6-Banner Sunday: Indiana completes coaching staff with addition of Yasir Rosemond

  • 04/18/2021 7:57 am in

6-Banner Sunday is Inside the Hall’s weekly newsletter in partnership with The Assembly Call. More than 7,500 Indiana fans receive the newsletter each week. In addition to appearing each week on the site, you can also opt to receive 6-Banner Sunday by email. A form to subscribe via email is available at the bottom of this week’s 6-Banner Sunday.

Welcome to another edition of 6-Banner Sunday, a joint production between The Assembly Call and Inside the Hall where we highlight the five most essential IU basketball stories of the past week, plus take a look at how the other IU sports programs are doing.

Indiana’s coaching staff is now officially complete after Mike Woodson hired Yasir Rosemond as the third assistant coach.

Along with this news, IU announced the rest of the support staff. Mike Roberts, who was an assistant coach under Archie Miller, will remain in the Indiana program as the Assistant AD for Basketball Administration. Also, Clif Marshall, who was the Director of Athletic Performance for IU basketball under Miller, will remain in that same position for Woodson.

Benny Sander and Brian Walsh, who have worked in the IU program the last four years, will also be retained on staff. Walsh is the new Team and Recruitment coordinator and Sander received a promotion to Director of Basketball Operations. Thad Matta, who was introduced to the program with Woodson, still holds the title of Associate AD for Basketball Administration.

“These men all will play valuable roles in the success of the program and the more I have gotten to know them it becomes more evident that they have great passion for our young men and I can’t wait to continue to work with them on a daily basis,” Woodson said in a statement.

In recruiting news, it was announced that players can begin visiting campuses on June 1, ending the more than one-year dead period. The NCAA also announced that they will allow all Division I student-athletes to transfer once and compete immediately.

IU mourns the loss of the great Bobby “Slick” Leonard who was instrumental in helping the Hoosiers win the 1953 National Championship. He was also a legendary coach and radio broadcaster for the Indiana Pacers.

You can listen to the newest episode of Podcast on the Brink with former Big Ten MVP Brian Evans here. You can also check out the most recent edition of Assembly Call radio here.

• Yasir Rosemond added as third assistant
• The story of Mike Woodson’s unlikely season
• Dane Fife’s passionate plan to reinvigorate Indiana’s basketball culture
• Kenya Hunter stabilizes Indiana amid uncertainty
• Joey Brunk moving on from IU
• Hoosier Roundup

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Yasir Rosemond added as third assistant

Yasir Rosemond filled Indiana’s final assistant coach opening, joining Kenya Hunter and Dane Fife on Mike Woodson’s staff, the program announced Wednesday.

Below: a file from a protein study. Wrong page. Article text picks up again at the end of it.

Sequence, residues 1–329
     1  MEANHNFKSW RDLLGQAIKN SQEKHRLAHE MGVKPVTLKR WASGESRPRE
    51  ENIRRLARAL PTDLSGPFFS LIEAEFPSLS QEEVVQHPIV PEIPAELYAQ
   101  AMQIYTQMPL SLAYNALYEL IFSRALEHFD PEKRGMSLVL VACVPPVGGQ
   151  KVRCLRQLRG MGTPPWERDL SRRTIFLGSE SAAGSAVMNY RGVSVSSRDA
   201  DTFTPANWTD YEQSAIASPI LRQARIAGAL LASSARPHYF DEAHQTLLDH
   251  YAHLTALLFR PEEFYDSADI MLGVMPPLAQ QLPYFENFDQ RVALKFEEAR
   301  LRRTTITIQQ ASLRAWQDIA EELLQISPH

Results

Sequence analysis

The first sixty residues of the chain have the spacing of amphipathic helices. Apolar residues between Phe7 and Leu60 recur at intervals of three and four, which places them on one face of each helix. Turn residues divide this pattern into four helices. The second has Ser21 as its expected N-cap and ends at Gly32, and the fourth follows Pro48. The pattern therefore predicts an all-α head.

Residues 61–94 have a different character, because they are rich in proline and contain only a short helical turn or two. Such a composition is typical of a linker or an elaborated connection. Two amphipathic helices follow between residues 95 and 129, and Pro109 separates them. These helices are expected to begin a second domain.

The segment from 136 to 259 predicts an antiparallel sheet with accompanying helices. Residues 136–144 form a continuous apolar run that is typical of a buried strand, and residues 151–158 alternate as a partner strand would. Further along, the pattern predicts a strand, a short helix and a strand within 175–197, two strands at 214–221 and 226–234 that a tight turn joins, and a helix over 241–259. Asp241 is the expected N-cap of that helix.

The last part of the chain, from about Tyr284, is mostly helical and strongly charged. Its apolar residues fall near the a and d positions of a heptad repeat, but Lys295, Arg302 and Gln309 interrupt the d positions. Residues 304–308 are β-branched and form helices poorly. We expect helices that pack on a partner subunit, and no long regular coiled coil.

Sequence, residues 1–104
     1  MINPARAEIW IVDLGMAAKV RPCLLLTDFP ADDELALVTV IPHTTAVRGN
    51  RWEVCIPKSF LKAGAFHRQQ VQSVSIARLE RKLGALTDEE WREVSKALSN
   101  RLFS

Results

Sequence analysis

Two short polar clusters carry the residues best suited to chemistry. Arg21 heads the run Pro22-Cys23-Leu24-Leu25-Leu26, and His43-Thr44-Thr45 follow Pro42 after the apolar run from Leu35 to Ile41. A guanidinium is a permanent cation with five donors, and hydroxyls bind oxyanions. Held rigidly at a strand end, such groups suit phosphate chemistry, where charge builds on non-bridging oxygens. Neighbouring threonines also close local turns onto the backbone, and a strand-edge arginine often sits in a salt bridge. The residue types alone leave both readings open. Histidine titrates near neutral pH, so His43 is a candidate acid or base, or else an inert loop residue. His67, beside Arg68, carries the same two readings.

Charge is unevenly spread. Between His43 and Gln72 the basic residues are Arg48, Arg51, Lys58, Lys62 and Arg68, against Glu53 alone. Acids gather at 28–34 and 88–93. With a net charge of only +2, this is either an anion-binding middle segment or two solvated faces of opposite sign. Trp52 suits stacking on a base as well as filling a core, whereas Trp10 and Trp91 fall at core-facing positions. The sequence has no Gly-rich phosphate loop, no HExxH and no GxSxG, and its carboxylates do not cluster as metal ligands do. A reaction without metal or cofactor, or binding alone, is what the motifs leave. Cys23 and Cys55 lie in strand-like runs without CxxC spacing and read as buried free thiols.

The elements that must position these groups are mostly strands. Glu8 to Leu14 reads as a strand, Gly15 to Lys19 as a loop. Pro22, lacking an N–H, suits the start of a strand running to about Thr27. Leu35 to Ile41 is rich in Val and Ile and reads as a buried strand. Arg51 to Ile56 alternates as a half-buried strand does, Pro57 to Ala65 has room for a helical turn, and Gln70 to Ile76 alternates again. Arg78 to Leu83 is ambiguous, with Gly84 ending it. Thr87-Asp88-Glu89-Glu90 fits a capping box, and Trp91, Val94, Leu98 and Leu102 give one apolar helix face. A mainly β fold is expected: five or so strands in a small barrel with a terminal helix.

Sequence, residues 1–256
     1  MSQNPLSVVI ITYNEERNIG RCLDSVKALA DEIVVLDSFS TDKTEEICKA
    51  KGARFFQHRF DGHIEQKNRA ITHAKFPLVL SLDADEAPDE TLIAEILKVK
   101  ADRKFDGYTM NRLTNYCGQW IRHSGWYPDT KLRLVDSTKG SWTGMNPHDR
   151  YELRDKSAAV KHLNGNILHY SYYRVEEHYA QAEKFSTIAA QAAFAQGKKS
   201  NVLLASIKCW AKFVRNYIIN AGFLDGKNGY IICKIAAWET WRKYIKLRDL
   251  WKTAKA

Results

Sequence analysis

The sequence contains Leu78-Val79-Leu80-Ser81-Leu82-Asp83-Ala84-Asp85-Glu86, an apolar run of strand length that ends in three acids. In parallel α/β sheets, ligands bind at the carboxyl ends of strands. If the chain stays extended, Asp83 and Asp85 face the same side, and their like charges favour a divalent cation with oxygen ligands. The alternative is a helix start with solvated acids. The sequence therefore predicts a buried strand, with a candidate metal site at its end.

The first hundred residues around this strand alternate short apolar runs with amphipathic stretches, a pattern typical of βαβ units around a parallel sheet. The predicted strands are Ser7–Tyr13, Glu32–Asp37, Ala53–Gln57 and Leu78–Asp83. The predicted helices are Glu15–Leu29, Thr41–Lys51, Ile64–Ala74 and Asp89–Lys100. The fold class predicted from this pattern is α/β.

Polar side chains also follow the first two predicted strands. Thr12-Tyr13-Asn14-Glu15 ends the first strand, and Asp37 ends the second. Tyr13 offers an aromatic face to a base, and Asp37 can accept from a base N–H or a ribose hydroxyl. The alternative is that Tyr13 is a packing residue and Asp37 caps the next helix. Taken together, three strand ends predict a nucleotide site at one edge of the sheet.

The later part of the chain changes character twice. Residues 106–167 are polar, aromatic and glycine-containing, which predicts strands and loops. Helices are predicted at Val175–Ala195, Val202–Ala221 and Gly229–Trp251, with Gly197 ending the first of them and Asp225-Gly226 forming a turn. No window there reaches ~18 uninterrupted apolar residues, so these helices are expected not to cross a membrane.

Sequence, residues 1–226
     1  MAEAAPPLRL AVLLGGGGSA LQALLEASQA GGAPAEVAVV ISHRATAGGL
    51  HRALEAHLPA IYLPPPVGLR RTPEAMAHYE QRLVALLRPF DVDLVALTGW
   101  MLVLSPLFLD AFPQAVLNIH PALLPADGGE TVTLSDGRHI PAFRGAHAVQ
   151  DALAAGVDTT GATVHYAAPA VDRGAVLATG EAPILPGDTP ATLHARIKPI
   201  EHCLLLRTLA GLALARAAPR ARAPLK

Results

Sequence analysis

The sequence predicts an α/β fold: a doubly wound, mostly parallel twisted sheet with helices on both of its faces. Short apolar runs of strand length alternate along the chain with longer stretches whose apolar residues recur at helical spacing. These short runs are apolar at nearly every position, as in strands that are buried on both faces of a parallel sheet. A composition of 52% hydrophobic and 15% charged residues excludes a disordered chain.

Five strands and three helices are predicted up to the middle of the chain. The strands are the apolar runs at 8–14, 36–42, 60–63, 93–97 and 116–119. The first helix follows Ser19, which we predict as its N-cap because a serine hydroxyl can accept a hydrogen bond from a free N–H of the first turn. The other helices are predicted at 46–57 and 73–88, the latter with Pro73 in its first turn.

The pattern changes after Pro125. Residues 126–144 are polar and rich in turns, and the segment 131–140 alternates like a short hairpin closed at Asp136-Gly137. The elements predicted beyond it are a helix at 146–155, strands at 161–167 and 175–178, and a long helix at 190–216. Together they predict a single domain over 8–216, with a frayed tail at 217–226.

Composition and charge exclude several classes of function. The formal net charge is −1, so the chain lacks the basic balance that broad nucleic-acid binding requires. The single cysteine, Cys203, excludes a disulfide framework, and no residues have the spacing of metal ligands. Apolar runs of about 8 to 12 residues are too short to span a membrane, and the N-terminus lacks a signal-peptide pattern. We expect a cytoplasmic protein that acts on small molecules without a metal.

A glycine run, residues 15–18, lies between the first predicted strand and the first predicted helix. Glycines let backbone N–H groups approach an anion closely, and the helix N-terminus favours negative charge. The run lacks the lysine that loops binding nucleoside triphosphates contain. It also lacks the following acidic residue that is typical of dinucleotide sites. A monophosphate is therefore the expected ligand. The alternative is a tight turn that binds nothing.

Rosemond has 14 years of collegiate coaching experience, serving on the staff at Samford, Georgia, Oregon and Alabama. His most recent job was at Alabama where he spent two years working with Avery Johnson. He coached future NBA first-round picks Collin Sexton and Kira Lewis Jr. during his stint with the Crimson Tide.

“He brings a great deal of experience at schools like Alabama, Georgia and Oregon and has been a big contributor to their success and worked with and recruited a number of young men who were able to develop and take their game to the next level,” Woodson said in a statement.

Rosemond, a native of Atlanta, helped coach Oregon to an Elite 8 appearance in 2007. During his time with the Ducks, he coached three future NBA draft picks, including All-American Aaron Brooks.

In his playing career, Rosemond played for Okaloosa-Walton Junior College in Florida before transferring to Butler (Kan.) Community College. From there, he played two seasons at Oregon, appearing in 58 games. He earned the John Warren Award in 1999, an honor given to the most inspirational player on the Oregon basketball team.

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The story of Mike Woodson’s unlikely season

In his senior year at IU, Mike Woodson underwent back surgery in late December. Doctors said it would be a three-month recovery process and Woodson’s season and career at IU was likely over.

“If he didn’t get better, he wouldn’t be playing basketball again,” Dr. Henry Feuer, Woodson’s neurosurgeon, said.

Woodson, though, had a sense of urgency. “He was chomping at the bit,” Feuer said. Woodson had already played too many games for a redshirt. This was his last chance.

The pain in Woodson’s back was gone almost immediately after the operation and he didn’t have any postoperative setbacks. Feuer instructed IU’s trainer as to what exercises Woodson could do to rehab. Woodson could bench press, ride a bicycle, do leg extensions and run on a treadmill.

Then, on February 14, 1980, less than two months after his surgery, Woodson made his improbable return to the court. He scored 18 points on 7-of-18 shooting from the field and 4-of-4 from the free-throw line, while grabbing five rebounds. Woodson went on to win Big Ten Player of the Year.

“There’s no style to it, he’s just very competitive,” Randy Wittman, Woodson’s teammate at IU, told Inside the Hall recently. “If he puts his mind to do something, he’s going to try to do the best he can.”

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Dane Fife’s passionate plan to reinvigorate Indiana’s basketball culture